Indigo child: Possesses keen observation abilities with an excellent memory. Desire to know is a requirement. Creative, unifies elements in what appears diverse, uses power of mental visualization. Organizes and catalogues information with great speed, makes connections mentally. Natural philosophers.
Gifted: Excellent command of language speaking fluently with a wide vocabulary. Enjoys writing stories, poems, plays. Learns quickly, therefore, progresses rapidly. Knows and understands scientific information beyond physical age, keeps up with world issues. Can use advanced mathematic process and excels in problem solving.
Indigo: Draws connections quickly between subject areas. Technologically adept. Multi-media, multi-dimensional learning and application. Learning is based upon cause and effect relationships. Old educational model is left behind. Has preferred ways of learning, integrates broad range of information in innovative, creative ways. Use oriented, if there is a way to do it, they want to experience it, not talk about it.
Gifted: Persistence in exploring ideas, wants to know everything. Many interests and aptitudes, including art, music, dance, drama, graphic arts. High standard of achievement, perfectionist. Enjoys searching for information relating to interests. Keeps records, journals, diaries. Well organized collection of various things: stamps, coins, rocks, shells, insects.
Indigo: Everything. Already knows and has big ideas. Very interested in your thought processes, the whys. They probe other’s experience to help them understand their own. Must be interested for something to hold their attention, when it does they are voracious. Inexhaustible energy when engaged.
Gifted: Independent, individualist, self-sufficient, stubborn. Bored by routine. Good sense of humor. Easily occupies own time without stimulation from others. Likes to be with and converse with adults and older children. Impatient with no challenge. Considered different by other children. Generally thoughtful, assuming leadership easily. Good sense of justice, dependable and responsible. Developing thinking.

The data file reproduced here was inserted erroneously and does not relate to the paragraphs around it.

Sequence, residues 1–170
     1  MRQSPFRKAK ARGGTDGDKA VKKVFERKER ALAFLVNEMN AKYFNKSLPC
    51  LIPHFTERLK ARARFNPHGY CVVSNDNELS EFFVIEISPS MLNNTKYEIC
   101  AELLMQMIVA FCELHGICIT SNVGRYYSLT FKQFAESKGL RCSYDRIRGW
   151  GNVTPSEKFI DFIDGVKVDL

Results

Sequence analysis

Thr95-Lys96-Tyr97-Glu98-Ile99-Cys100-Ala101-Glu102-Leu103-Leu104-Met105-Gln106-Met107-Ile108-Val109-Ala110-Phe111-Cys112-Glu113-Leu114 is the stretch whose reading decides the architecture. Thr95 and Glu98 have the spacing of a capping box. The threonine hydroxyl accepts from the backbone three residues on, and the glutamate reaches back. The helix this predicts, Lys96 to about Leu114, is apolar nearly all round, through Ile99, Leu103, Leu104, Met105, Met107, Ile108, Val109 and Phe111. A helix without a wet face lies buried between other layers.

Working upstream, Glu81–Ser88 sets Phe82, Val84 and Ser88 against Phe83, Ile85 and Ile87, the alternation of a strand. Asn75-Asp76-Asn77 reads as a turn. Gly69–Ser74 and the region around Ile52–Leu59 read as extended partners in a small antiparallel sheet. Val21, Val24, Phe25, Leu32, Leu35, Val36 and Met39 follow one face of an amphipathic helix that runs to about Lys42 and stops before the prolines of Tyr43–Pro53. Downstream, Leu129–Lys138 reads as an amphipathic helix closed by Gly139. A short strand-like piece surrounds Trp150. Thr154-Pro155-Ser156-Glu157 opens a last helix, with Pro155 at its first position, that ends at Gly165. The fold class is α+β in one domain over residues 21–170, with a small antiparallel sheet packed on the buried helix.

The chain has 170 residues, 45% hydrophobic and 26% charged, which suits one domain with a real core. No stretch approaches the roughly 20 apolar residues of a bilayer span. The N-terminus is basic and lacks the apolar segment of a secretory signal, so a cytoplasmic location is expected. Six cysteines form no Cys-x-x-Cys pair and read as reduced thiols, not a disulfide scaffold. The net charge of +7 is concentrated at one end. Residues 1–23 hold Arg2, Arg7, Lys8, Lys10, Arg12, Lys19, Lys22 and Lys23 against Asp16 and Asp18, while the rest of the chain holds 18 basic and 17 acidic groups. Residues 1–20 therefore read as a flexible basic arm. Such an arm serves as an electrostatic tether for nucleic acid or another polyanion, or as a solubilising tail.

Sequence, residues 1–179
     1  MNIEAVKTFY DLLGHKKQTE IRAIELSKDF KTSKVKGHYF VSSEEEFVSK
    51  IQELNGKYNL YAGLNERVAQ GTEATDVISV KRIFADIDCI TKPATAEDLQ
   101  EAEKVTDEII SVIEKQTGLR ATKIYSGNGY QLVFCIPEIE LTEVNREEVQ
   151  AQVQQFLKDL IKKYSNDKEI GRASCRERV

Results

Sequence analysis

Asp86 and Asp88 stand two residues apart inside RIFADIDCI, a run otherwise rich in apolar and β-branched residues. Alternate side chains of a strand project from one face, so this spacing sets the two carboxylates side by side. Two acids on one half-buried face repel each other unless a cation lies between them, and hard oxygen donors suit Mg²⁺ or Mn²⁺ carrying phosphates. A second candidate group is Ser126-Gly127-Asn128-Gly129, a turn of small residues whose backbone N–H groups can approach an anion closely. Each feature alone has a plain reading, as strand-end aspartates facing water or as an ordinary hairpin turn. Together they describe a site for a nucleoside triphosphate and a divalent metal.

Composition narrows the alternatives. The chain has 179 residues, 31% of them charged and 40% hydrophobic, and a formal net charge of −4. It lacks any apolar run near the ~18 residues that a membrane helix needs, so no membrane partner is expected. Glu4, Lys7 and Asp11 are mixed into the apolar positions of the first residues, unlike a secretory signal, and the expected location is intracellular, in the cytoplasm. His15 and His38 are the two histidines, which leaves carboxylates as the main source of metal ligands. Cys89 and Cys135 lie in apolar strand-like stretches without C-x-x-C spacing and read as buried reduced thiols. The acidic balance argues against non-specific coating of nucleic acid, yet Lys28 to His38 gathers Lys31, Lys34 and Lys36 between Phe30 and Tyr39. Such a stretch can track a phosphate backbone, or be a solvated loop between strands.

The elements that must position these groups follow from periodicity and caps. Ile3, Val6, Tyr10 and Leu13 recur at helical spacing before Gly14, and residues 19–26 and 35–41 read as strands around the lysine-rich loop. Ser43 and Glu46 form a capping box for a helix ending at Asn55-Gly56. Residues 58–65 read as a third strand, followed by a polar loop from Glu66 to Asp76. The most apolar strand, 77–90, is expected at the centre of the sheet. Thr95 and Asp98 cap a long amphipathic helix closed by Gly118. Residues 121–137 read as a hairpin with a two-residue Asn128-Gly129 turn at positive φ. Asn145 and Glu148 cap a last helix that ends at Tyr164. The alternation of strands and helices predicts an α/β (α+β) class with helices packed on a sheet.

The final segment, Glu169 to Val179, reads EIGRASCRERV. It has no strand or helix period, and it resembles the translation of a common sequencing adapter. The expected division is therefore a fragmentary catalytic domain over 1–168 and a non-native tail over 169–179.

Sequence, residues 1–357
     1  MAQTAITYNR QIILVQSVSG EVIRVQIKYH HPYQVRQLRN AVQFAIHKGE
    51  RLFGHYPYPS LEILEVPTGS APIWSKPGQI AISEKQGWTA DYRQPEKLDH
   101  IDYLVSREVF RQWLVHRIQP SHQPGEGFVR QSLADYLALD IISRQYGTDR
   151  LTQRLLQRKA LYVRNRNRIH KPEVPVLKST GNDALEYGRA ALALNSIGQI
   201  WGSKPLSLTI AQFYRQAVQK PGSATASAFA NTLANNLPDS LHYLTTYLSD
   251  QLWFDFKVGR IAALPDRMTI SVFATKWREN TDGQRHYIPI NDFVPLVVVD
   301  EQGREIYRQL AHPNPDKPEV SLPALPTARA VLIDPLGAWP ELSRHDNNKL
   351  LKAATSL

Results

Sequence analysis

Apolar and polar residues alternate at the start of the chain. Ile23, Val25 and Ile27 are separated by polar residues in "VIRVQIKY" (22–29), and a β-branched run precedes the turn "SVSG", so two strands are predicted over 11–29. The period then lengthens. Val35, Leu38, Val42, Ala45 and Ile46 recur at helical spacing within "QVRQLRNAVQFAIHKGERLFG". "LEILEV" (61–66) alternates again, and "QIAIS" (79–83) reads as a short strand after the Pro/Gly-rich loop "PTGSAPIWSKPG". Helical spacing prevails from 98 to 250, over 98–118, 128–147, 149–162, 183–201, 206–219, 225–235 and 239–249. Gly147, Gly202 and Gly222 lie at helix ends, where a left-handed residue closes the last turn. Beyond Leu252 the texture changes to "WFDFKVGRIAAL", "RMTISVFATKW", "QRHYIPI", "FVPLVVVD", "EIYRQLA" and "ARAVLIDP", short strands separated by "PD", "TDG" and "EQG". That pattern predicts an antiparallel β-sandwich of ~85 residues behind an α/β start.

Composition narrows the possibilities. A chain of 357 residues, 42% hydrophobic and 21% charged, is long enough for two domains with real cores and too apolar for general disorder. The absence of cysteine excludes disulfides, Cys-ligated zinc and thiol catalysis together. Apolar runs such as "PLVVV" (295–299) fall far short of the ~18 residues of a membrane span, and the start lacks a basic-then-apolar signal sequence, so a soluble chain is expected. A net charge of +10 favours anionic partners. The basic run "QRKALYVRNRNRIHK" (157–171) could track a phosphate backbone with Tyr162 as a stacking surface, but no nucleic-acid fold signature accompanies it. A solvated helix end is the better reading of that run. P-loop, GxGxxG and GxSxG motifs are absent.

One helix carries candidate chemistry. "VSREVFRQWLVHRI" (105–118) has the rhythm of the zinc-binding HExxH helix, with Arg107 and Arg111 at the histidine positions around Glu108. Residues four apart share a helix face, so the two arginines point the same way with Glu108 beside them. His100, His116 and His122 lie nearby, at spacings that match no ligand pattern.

Indigo: High self esteem, strong integrity, honest, direct, highly sensitive. Has a sense of mission and exhibits it early. Will not be dissuaded once head/heart is set. Demands choices and right to make them. Excessive energy leads to quick shifts in attention. Bores easily. Needs emotionally stable adults, constant loving. Innate healing abilities. Drawn to group thought when need arises, will not be isolated. Developing being.
The relativity of the Gifted child to the Indigo when cast in this light speaks to an evolution of thought and consciousness in human beings. Could the brilliance of the Gifted exist to offer guidance to the Indigo? To serve as a bridge for evolutionary progression? I believe this to be true.
A disturbing truth related to this came to light during our search for the talented and gifted in l970’s America. There were teachers for the Gifted, but you had to dig to find them. I could dismiss the absence in the small midwestern town where I had been schooled, but programs were equally hard to come by in metropolitan areas like Chicago and Tulsa and Kansas City. It became alarmingly clear that few people knew enough about how to learn to adequately teach these young minds. Left unrecognized and unstimulated, these children fell into daydreaming in an effort to escape boredom or into laziness because their half-hearted effort often set the class grade so why put out any more effort than needed? Or they became elitists, because they knew they were gifted even if others did not. Most gifted kids were growing up settling for a lot less and, as a result, their talents were being wasted.
In those early days, having my own children was not in my mind; helping those who did was. As I learned about the gifted child, I realized I was one. I had grown up. And I was still looking for a way to learn how to understand and use the gifts I had. Mental disciplines like concentration, meditation, and visualization learned at SOM gave me a scientific way to develop my abilities and measure them over time. The thought often crossed my mind, “I wonder who I would be, what I would be doing now if I had been taught these skills earlier in life?” That question which will never find an answer in me became a motivating mantra for me to teach the parents of the children who can.